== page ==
halting problem :: Reviving the GTK development blog

:: ~3 min read

Development blogs definitely have a place in the continuum of interactions between project maintainers and their users; and if your project does not have a blog already, or has a languishing one with no updates in weeks/months/years, then you should take some time to build it and add some (regularly scheduled) content for it

The GTK+ project has a development blog.

I know it may come as a shock to many of you, and you’d be completely justified in thinking that I just made that link up — but the truth is, the GTK+ project has had a development blog for a long while.

Sadly, the blog hasn’t been updated in five years — mostly around the time 3.0 was released, and the GTK+ website was revamped; even before that, the blog was mostly used for release announcements, which do not make for very interesting content.

Like many free and open source software projects, GTK+ has various venues of interaction between its contributors and its users; mailing lists, personal blogs, IRC, Stack Overflow, reddit, and many, many other channels. In this continuum of discussions it’s both easy to get lost and to lose the sense of having said things before — after all, if I repeat something at least three times a week on three different websites for three years, how can people still not know about it? Some users will always look at catching up after three years, because their projects live on very different schedules that the GTK releases one; others will try to look for official channels, even if the free and open source software landscape has fragmented to such a degree that any venue can be made “official” by the simple fact of having a contributor on it; others again will look at the API reference for any source of truth, forgetting, possibly, that if everything went into the API reference then it would cease to be useful as a reference.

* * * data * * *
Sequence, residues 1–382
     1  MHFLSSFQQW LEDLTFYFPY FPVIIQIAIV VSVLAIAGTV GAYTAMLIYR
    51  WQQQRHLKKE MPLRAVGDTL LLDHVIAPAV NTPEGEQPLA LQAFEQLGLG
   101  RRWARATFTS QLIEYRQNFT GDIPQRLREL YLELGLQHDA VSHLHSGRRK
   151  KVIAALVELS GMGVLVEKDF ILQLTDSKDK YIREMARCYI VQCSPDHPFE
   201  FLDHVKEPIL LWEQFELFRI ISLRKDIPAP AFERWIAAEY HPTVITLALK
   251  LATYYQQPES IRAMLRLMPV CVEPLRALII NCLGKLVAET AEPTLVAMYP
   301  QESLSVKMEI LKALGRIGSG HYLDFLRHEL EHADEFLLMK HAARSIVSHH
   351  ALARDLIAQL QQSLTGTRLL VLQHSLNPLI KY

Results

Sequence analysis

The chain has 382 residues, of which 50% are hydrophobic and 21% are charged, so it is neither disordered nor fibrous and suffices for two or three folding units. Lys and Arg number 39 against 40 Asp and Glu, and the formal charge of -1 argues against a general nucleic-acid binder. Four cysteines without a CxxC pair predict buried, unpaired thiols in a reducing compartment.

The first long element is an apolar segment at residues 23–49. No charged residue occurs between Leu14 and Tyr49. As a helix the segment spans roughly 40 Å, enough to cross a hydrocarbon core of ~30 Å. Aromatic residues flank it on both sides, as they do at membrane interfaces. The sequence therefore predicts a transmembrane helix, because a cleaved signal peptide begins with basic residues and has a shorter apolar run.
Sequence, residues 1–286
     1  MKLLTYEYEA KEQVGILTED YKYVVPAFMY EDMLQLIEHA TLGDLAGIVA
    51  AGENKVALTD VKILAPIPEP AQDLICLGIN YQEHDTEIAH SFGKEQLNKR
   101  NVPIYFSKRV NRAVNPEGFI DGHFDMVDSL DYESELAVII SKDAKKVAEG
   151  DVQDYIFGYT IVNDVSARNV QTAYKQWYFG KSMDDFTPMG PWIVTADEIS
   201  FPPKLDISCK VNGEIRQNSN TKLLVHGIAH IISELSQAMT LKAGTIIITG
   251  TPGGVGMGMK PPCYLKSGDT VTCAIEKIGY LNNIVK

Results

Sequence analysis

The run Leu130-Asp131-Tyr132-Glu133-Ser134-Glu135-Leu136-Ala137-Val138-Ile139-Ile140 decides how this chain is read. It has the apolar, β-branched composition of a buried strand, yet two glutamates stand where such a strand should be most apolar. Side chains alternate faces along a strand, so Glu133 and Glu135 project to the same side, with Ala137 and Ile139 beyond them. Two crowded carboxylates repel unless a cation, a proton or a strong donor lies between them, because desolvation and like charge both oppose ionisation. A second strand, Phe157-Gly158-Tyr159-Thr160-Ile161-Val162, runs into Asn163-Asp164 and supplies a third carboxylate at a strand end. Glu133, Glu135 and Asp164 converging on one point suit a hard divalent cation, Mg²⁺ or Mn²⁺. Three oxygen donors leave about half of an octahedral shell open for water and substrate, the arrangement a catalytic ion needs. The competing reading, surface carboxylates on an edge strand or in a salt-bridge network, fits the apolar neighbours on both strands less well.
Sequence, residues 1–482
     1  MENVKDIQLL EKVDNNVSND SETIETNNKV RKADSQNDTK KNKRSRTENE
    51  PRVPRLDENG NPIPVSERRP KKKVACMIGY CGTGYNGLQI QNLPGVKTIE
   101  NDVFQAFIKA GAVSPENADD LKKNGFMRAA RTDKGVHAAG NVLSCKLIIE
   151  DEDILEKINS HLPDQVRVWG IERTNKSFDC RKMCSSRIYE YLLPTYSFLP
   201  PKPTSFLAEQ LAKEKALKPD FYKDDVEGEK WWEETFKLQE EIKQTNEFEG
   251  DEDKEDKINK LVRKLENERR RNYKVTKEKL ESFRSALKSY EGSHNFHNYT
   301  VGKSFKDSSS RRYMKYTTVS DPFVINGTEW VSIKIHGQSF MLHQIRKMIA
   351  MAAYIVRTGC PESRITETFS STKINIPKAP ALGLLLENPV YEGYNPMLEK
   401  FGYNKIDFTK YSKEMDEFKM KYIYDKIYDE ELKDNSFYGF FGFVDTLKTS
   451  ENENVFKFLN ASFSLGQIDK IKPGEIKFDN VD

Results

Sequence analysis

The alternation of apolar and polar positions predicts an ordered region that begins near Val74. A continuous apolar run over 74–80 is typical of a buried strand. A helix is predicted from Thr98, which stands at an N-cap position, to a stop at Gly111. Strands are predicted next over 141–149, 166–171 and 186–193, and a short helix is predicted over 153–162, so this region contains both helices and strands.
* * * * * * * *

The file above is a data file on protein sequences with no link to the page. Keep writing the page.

The GTK+ development blog is not meant to be the only source for truth, or the only “official” channel; it’s meant to be a place for interesting content regarding the project, for developers using GTK+ or considering to use it; a place that acts as a hub to let interested people discover what’s up with GTK+ itself but that don’t want to subscribe to the commits list or join IRC.

From an editorial standpoint, I’d like the GTK+ development blog to be open to contribution from people contributing to GTK+; using GTK+; and newcomers to the GTK+ code base and their experiences. What’s a cool GTK+ feature that you worked on? How did GTK+ help you in writing your application or environment? How did you find contributing to GTK+ for the first time? If you want to write an article for the GTK+ blog talking about this, then feel free to reach out to me with an outline, and I’ll be happy to help you.

In the meantime, the first post in the This Week in GTK+ series has gone up; you’ll get a new post about it every Monday, and if you want to raise awareness on something that happened during a week, feel free to point it out on the wiki.

glib gtk development gnome blag